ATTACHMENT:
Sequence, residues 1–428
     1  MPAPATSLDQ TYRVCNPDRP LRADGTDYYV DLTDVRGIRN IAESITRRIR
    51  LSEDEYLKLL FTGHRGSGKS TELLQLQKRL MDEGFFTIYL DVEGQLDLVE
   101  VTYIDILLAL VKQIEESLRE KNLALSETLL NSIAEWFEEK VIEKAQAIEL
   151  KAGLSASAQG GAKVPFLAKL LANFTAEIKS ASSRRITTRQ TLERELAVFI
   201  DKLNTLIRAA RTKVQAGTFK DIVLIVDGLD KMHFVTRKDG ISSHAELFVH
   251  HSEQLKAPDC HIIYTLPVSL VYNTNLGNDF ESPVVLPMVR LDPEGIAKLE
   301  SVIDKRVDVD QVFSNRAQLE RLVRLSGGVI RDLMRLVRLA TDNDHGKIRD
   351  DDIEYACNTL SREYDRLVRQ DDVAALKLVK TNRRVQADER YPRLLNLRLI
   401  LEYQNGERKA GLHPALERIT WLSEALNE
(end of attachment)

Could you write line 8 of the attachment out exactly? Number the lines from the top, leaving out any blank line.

   301  SVIDKRVDVD QVFSNRAQLE RLVRLSGGVI RDLMRLVRLA TDNDHGKIRD